This week is Legacy week where we remember those who have lost their lives in war and contribute to the much needed effort that helps those left behind. Earlier this week the US President announced that the war in Iraq is officially over and all troops will be withdrawn by January. Today in Brisbane, another soldier who lost their life will be laid to rest.
Next week is Child Protection Week, where we continue in efforts to ensure all children are safe in their homes, at school and in care. We will look at statistics and see that the efforts are not in vain but are not stopping the problem. It will embarrass leaders, teachers, parents and families but is required to ensure the work currently done is working, is continued and is enhanced.
My eldest daughter turns 9 next Friday. Almost 9 years ago I gave birth to a beautiful, healthy, blue eyed, blond baby girl. I was the proudest parent and immediately fell in love with my perfect bundle. She slept well, ate well, smiled often and was an absolute joy.
The following day, no one came to visit. Not one single person dropped in to see my gorgeous girl. No family, no friends, no one. I was in a room at the Cairns Base Hospital with two other new mums and no one visited them either. For most of the morning we were left wondering why.
Late in the morning when the midwives did the rounds and checked up on us, two of them commented on the terrible turn of events and expressed their shock at what had occurred. We had to ask them what on earth they were talking about. They both got up, went to the tv's in the room and quickly switched them on. Confronting us was the news that the World Trade Centre in America had been hit by a plane. Within seconds of us assimilating that information, a second plane hit the building. As one, we turned to our tiny, newborn babies and wondered.
What would their futures hold? Would they know the freedoms we had? Had we made a terrible mistake in bringing helpless children into the world at such a horrible time in history?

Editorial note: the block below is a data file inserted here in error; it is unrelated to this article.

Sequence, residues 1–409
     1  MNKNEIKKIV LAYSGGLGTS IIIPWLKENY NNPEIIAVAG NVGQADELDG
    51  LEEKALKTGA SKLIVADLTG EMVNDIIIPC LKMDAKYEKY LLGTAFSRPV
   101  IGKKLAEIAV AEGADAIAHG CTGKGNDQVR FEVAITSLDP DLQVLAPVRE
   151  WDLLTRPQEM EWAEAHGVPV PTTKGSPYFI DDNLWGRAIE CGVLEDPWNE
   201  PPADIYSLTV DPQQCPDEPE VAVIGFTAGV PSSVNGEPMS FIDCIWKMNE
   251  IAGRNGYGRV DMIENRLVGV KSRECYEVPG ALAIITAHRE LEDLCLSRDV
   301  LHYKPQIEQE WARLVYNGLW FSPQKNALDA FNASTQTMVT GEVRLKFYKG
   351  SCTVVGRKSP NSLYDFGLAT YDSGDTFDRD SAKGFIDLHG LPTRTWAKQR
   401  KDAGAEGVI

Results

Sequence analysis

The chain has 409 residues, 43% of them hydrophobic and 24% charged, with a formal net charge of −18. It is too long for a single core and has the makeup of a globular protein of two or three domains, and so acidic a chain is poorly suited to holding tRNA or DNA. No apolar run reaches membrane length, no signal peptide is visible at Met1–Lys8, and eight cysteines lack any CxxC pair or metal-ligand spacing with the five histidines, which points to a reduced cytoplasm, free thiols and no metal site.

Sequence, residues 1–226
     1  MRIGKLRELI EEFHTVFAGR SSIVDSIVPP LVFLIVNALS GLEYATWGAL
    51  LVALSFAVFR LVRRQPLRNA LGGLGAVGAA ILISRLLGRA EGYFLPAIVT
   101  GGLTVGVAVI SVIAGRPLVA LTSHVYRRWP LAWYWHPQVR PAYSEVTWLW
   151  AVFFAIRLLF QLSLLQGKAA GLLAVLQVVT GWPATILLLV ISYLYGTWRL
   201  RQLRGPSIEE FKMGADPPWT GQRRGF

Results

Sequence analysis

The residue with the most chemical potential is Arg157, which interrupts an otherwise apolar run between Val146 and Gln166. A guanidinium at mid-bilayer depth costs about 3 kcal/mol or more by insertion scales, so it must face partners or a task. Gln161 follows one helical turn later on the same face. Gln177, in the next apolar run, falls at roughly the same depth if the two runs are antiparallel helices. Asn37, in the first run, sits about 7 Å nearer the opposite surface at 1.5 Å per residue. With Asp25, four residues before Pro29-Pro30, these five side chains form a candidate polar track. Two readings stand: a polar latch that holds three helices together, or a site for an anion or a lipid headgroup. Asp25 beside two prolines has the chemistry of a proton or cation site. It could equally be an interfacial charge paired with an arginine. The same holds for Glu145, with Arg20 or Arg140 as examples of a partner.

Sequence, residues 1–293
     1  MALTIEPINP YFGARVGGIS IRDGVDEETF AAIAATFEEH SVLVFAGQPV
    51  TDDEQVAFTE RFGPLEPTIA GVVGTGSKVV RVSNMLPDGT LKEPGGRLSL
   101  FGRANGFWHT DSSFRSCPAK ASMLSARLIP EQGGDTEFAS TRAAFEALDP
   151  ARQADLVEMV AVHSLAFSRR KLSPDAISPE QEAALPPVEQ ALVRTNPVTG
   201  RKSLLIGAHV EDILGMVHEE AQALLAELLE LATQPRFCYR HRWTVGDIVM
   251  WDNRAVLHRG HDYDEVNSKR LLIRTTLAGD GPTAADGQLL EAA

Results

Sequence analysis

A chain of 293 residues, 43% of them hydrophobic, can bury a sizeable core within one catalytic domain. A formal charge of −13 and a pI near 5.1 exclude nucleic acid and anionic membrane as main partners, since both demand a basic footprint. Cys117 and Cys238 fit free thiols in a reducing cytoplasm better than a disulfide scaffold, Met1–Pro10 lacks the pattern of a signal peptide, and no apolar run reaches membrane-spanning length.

In the time since my first child was born, she has never known a day when Australia was not involved in conflict. She has alway lived with the knowledge that there are wars, we are a part of them, and lives will be lost. I find that fact extremely sad.
I can't shield my children from the real world. I can't keep them sheltered from the truth. My job as parent is to keep them safe while they are with me and to teach them how to make good choices when they are not. My role is simple. The world is not.
My hope this Legacy Week, is that while we continue to pledge our support to families suffering huge loses due to war, we also look at our reasons for being there, we think more of our children and the world they are living in, and we make different choices to prevent these losses.
As Child Protection Week looms, remember to reassure your kids that they are loved and you are proud of them. Continue to give them the tools required to contribute to society and make sure that you are leading by example by contributing your own time, money and passion to giving them a better community to grow up in.